When you purchase an asset, the purchase price becomes your tax basis for that property. If you later sell that asset, your tax basis is used to determine your capital gain or loss for tax purposes.
If you receive property by gift, you take the donor’s basis. For example, Mr. Smith purchases ABC stock for $10 a share. Mr. Smith’s basis is $10 a share and if he sells the stock, his gain or loss would be based upon his $10 tax basis. Mr. Smith, instead of selling his ABC stock, gives his son the stock. His son’s basis is also $10 per share. This is sometimes called a “carry-over” basis, because Mr. Smith’s tax basis carries over to his son.
One benefit of inheriting property from a decedent is receiving a “stepped-up” basis. Pursuant to Internal Revenue Code (IRC) §1014, the basis of property inherited from a decedent is generally the fair market value of the property at the decedent's death, as opposed to the decedent’s cost to acquire the property. For example, Mr. Smith leaves his ABC stock to his son in his will. At the time Mr. Smith passes away, the value of the stock is $25 per share. Although Mr. Smith’s basis was $10, his son’s basis is stepped up to $25.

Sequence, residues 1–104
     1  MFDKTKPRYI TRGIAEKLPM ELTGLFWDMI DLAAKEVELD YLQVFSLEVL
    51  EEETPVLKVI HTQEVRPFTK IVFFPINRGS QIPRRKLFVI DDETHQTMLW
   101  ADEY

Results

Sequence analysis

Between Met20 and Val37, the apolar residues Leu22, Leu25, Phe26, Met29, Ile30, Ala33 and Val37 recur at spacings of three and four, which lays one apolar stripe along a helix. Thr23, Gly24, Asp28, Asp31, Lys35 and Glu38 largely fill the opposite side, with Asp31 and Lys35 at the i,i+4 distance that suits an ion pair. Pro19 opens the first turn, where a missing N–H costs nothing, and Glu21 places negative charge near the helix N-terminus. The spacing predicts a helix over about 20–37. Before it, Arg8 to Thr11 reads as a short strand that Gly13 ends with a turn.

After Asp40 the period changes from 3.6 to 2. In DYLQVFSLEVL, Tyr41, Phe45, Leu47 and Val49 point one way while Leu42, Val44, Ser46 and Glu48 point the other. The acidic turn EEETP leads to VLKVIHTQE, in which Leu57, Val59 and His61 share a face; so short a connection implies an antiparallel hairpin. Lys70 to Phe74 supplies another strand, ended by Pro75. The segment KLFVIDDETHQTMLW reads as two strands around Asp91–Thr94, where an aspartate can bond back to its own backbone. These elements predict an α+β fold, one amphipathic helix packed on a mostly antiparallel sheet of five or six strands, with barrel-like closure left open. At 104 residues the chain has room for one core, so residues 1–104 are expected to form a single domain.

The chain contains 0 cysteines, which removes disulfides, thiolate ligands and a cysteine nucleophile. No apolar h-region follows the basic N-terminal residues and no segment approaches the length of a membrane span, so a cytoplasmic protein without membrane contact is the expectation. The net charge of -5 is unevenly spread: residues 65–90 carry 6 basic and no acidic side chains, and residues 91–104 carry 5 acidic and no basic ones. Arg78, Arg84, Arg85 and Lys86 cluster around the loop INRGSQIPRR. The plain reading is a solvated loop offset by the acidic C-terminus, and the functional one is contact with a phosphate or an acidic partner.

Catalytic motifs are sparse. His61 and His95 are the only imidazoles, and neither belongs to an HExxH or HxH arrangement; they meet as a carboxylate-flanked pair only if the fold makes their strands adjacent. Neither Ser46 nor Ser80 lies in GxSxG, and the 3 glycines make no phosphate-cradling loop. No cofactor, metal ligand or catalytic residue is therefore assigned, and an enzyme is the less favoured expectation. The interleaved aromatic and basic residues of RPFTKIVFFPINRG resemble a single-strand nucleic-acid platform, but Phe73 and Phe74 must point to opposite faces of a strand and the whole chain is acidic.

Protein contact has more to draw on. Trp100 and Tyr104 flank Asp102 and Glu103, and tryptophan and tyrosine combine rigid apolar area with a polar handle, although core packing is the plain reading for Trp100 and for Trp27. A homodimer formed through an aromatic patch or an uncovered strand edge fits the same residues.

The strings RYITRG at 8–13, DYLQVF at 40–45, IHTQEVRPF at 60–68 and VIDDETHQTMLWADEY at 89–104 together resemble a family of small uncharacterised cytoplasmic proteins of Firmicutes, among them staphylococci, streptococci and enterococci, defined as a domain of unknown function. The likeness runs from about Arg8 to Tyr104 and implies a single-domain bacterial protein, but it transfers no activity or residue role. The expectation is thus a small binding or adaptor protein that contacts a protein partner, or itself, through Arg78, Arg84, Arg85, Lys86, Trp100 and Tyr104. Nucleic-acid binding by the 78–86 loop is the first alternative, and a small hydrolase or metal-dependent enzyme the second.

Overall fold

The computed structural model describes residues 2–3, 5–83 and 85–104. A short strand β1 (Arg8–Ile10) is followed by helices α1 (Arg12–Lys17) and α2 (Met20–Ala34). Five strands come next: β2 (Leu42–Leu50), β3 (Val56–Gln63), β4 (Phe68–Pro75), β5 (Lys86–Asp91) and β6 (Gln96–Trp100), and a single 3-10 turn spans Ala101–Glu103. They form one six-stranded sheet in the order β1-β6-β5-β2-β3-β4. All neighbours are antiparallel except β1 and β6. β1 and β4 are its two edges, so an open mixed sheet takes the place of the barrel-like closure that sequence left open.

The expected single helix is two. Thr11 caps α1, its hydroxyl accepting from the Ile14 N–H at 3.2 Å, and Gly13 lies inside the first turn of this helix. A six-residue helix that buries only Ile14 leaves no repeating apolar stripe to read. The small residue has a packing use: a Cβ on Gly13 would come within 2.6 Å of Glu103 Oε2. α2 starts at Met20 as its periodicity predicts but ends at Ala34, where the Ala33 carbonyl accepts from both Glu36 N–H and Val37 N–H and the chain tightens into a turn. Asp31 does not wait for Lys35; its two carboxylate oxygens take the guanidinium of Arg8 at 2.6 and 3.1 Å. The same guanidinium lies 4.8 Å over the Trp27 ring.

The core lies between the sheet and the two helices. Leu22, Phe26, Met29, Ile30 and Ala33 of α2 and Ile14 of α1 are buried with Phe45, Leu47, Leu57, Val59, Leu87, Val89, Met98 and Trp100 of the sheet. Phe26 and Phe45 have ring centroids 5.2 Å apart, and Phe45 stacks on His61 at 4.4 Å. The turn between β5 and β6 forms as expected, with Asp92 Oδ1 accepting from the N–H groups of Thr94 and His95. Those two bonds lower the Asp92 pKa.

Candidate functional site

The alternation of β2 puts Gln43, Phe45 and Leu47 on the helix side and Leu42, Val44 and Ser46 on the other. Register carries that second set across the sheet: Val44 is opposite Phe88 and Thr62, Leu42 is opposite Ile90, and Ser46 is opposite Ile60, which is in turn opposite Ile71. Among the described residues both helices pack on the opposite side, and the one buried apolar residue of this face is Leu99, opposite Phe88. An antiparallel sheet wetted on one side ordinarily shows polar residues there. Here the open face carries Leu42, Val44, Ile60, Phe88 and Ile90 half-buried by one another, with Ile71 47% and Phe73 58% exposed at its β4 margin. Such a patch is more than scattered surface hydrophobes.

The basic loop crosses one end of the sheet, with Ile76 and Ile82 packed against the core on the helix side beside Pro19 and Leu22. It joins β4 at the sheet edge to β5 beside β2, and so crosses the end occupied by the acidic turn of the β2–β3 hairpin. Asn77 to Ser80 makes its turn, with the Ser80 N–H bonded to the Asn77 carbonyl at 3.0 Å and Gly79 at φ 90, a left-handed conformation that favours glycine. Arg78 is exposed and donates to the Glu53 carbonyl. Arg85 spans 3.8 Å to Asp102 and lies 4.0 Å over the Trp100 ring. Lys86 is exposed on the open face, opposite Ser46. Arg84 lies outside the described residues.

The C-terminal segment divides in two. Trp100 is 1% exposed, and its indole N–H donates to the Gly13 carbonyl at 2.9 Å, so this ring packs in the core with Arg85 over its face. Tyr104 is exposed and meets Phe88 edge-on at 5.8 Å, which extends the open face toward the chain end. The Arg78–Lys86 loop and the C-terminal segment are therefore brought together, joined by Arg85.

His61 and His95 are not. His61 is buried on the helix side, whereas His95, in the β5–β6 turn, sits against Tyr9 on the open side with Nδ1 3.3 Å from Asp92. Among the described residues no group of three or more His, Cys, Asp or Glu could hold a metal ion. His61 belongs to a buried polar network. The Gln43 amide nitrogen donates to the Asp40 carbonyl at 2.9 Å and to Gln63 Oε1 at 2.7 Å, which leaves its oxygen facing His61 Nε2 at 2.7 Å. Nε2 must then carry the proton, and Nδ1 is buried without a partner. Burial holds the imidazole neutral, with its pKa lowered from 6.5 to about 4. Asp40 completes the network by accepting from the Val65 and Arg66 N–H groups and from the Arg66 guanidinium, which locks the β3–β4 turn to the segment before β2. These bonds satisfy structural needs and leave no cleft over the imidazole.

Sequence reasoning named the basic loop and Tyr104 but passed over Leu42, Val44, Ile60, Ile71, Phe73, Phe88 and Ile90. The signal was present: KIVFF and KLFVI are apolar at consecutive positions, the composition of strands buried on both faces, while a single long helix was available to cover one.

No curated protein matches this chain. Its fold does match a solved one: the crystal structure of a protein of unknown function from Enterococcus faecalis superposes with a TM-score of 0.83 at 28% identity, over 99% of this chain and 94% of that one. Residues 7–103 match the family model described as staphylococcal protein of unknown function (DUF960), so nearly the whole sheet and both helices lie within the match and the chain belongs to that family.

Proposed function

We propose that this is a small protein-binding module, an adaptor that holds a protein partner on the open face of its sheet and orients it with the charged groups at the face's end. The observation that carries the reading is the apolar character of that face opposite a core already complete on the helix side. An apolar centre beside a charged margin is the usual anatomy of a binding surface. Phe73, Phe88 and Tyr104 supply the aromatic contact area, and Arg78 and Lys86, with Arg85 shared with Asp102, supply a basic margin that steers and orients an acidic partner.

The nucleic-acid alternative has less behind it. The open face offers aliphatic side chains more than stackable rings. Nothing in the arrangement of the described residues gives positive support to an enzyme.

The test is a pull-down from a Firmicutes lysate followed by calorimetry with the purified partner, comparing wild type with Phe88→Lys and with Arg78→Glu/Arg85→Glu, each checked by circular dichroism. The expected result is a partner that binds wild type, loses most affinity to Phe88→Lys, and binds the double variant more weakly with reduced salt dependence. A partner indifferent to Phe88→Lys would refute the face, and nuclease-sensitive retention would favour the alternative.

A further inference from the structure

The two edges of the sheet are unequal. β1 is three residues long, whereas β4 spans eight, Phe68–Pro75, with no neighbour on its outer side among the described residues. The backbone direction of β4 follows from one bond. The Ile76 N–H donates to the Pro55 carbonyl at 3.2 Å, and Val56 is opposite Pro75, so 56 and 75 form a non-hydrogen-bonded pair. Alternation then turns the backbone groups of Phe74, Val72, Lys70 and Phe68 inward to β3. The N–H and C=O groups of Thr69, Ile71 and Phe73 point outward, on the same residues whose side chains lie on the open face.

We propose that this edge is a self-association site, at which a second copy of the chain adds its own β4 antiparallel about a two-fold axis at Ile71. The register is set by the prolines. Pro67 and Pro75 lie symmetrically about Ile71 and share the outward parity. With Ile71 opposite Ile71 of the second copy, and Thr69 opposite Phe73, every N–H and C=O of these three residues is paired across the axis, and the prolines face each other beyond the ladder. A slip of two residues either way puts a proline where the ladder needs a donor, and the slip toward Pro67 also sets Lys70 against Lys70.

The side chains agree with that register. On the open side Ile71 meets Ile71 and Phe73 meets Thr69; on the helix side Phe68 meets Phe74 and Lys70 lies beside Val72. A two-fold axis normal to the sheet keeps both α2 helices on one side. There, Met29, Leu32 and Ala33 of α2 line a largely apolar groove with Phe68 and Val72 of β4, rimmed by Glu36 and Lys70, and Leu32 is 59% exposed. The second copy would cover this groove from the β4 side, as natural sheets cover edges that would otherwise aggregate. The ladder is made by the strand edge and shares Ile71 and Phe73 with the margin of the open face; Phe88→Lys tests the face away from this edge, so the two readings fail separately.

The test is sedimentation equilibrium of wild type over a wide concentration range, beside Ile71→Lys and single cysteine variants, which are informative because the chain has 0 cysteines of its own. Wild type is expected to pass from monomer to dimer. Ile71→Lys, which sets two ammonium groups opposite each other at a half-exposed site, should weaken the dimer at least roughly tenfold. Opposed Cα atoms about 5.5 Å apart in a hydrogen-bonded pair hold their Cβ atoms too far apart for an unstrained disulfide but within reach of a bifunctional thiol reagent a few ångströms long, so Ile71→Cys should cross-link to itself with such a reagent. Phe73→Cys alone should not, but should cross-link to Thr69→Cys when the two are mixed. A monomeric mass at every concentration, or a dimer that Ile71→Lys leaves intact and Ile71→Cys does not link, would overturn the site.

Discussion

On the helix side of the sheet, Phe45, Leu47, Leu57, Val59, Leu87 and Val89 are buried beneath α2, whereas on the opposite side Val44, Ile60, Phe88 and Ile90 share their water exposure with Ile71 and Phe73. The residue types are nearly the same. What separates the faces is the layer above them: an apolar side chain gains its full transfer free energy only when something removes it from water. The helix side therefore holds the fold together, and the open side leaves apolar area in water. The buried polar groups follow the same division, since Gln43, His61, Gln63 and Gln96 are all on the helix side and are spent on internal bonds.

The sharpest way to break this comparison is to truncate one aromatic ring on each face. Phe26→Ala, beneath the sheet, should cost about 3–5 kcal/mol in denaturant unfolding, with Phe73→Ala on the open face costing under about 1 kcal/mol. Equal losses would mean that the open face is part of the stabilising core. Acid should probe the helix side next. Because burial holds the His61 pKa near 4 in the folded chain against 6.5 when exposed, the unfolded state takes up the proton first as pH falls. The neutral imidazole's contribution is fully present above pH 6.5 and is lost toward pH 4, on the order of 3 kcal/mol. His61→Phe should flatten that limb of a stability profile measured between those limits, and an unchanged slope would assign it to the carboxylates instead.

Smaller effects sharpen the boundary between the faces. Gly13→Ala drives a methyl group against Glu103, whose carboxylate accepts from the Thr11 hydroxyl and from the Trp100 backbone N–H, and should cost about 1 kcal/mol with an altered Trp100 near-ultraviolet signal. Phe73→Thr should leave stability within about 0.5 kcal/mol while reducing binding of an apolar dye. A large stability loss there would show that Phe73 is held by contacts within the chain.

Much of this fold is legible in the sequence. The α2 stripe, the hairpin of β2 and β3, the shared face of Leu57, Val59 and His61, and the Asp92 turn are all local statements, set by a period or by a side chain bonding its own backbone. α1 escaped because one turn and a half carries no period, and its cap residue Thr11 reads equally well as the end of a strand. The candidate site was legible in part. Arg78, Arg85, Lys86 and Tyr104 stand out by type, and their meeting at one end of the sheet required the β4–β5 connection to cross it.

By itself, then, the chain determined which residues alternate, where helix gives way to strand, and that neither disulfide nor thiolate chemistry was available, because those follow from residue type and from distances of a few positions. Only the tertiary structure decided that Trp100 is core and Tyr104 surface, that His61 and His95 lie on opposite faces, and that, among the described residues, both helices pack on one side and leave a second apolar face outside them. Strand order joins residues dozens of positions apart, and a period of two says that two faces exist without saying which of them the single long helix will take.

The benefit of the “stepped-up” basis will not be with us much longer, barring a legislative change. This is because the “stepped-up” basis under IRC §1022 will not apply to decedents’ estates with a date of death after December 31, 2009. Instead, IRC §1022 provides that the property acquired from a decedent shall be treated as transferred by gift. Therefore, when an heir sells the asset, he will be responsible for paying capital gains tax on all the gains that had accrued since the decedent originally acquired the asset.